"It is now clear that terrorist elements have moved from the stage of theory and excommunication to the stage of bombing," Cherif adds. "In Goubellat, Sidi Ali Bou Oun and Menzel Bourguiba, we saw the fall of martyrs from the security forces - the target of these groups."
It is not only experts who see the dangers emanating from across the border with Libya.
The struggle for stability
Lasaad Chaari, 44, tells Magharebia: "Libya lives a catastrophic security situation that could affect Tunisia."
"The trade in arms and terrorists is active in Libya and they can move to Tunisia and this is what scares Tunisians the most," he adds.
While security is the top concern of the Tunisian street, citizens say they are starting to see progress.
Sami Manai, a public servant tells Magharebia: "The security situation in Tunisia improved after the revolution, despite numerous attempts to take us into a state of chaos and perhaps even street clashes."
"This improvement is due to the security and military institutions," he says.
Mourad Rtibim works in the tourism sector, which took a hit from the explosion of violence. He points to his own case as an example of the turnaround.
"The fragile security in Tunisia impacted my life and I stopped working for a while, due to the closure of the tourist unit where I worked. Tourists became averse to coming to Tunisia because of the deteriorating situation," he tells Magharebia.
"Now praise God, things have improved and I have returned to my work. I want to thank the security elements who sacrifice themselves for Tunisia and its people," he adds.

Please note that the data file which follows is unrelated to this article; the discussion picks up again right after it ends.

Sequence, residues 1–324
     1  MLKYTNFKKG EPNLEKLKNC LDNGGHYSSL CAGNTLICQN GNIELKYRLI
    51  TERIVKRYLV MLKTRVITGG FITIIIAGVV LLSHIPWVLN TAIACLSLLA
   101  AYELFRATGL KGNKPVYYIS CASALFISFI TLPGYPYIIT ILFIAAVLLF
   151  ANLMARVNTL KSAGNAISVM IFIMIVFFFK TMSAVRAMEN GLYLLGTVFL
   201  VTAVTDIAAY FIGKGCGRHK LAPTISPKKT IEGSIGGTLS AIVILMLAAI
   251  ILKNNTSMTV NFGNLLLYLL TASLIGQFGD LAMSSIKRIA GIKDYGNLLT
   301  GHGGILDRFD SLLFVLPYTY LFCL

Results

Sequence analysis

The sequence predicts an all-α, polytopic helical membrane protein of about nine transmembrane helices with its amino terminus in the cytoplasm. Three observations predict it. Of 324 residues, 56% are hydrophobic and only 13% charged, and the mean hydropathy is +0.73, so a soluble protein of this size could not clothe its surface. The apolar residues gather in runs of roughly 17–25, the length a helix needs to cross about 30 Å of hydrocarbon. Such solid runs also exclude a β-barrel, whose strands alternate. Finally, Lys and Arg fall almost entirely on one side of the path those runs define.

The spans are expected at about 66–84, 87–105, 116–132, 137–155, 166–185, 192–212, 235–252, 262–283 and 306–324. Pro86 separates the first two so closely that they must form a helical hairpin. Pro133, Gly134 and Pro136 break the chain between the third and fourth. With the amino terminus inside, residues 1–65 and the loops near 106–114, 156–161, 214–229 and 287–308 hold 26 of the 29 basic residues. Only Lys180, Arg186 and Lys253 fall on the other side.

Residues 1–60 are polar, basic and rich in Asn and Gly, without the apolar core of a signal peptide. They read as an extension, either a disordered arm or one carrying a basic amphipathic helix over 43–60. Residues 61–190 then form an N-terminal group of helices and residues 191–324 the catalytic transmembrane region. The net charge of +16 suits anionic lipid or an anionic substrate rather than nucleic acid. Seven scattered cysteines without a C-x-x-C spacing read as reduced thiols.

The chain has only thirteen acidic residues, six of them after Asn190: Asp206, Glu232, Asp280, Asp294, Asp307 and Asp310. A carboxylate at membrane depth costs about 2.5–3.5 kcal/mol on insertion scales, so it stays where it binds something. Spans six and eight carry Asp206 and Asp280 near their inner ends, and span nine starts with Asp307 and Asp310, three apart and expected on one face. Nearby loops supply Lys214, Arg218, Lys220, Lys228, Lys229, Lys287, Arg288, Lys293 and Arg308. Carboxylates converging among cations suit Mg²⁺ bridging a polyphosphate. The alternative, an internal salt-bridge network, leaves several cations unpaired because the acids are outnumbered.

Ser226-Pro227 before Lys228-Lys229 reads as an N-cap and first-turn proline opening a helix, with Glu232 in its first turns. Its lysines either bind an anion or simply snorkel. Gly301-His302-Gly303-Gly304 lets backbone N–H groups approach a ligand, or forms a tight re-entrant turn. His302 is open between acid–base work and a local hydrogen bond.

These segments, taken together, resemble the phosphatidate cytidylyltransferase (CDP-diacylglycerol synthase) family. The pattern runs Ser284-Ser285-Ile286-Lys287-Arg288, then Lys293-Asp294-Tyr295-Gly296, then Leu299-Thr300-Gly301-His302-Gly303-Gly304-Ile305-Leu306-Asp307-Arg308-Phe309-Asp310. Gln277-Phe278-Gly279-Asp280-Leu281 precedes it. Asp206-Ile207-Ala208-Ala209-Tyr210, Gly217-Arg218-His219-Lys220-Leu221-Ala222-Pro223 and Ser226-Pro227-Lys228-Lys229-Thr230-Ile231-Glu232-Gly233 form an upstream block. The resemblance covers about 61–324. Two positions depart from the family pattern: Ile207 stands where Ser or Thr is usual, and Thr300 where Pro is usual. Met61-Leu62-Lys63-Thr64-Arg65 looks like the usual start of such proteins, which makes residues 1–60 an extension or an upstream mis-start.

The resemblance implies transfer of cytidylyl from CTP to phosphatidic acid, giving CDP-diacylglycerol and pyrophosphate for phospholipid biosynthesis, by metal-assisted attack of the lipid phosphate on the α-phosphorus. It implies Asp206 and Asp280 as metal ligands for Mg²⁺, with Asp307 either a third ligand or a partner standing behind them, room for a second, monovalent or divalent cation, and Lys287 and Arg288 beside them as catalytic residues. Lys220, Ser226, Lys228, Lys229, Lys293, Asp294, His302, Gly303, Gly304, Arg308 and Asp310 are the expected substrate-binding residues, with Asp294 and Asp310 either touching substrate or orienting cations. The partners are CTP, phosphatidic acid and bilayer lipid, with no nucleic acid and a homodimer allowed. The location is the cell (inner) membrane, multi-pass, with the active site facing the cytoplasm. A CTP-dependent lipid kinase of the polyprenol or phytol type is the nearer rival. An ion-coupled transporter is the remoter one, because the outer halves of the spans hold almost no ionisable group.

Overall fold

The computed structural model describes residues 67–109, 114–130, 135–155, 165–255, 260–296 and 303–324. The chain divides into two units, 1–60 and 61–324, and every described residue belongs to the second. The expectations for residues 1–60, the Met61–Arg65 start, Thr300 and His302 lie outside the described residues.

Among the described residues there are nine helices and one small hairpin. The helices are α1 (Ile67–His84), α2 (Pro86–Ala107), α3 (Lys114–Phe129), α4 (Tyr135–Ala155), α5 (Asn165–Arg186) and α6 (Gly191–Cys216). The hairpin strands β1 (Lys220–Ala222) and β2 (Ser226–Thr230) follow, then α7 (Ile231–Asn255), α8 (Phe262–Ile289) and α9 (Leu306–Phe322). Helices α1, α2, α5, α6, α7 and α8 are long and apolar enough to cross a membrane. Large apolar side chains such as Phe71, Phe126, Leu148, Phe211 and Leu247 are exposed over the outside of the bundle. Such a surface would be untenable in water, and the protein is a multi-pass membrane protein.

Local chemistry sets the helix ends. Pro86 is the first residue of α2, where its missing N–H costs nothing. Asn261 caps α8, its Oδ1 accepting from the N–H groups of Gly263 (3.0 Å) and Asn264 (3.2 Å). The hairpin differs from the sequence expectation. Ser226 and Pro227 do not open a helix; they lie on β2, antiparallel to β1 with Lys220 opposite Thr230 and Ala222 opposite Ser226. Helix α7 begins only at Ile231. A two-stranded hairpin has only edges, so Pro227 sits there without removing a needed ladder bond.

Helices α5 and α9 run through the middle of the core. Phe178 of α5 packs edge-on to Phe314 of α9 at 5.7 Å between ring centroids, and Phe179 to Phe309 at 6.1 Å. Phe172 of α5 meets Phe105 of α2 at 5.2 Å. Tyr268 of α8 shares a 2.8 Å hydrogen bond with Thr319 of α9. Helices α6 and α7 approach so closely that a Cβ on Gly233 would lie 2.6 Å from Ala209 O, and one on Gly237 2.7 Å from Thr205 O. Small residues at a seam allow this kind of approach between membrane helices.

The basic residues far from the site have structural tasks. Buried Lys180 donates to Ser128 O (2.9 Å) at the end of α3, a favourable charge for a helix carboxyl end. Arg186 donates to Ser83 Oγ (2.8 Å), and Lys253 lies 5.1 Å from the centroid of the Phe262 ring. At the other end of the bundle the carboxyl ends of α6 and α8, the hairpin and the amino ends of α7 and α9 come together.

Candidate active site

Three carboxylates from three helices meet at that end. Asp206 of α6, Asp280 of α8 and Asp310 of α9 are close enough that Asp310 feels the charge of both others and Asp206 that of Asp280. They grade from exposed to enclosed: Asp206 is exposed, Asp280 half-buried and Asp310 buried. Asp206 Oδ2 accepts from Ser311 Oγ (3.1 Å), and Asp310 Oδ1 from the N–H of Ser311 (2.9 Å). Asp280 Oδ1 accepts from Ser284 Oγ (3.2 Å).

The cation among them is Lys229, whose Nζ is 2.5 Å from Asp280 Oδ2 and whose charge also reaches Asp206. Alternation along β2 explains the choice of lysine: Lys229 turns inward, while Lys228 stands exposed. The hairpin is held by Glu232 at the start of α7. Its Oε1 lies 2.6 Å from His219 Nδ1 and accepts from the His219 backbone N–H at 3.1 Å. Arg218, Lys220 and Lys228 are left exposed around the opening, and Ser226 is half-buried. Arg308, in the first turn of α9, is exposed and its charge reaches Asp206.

But the recent security improvements are only part of the picture. Many of those who turned out in the capital for the large revolution anniversary rallies on Tuesday said they had yet to see the promised changes.
Moez Adib, 32, a day labourer from El Kef province, complained: "We haven't yet realised the goals for which we revolted."
"We were waiting for development projects and employment, but we only got weapons and terrorism," he said.
"It's true that certain gains have been made on the political front, but they haven't been reflected on popular classes and haven't touched their concerns," he added.
Even President Moncef Marzouki admitted this week in an interview with Al-Wataniya that "three years after the revolution, the country [was] still far from realising the goals for which the martyrs and wounded have sacrificed".
Security analyst Noureddine Ennaifer lays out a possible roadmap. The future of security in Tunisia under the new Jomaa government, he argues, depends on how far the incoming cabinet is willing to go to help local development.
"If we don't achieve development, then we will enter the stage of chaos, due to increasing unemployment, declining standards of living of the middle class and the bankruptcy of institutions," the analyst says.
"This would contribute to terrorist organisations, and to youth living in poverty and marginalisation," he tells Magharebia. He adds, "When development declines, terrorism strengthens, but if development flourishes, then terrorism weakens."
Abdeljalil Belhaj Ali, 37, an employee, says the country must now move forward.
"The January 14th revolution created a quantum leap in our country by ridding it of dictatorship," Ali says. "The important thing now is to keep pursuing the revolution's objectives."
"We're full of hope and optimism," he adds.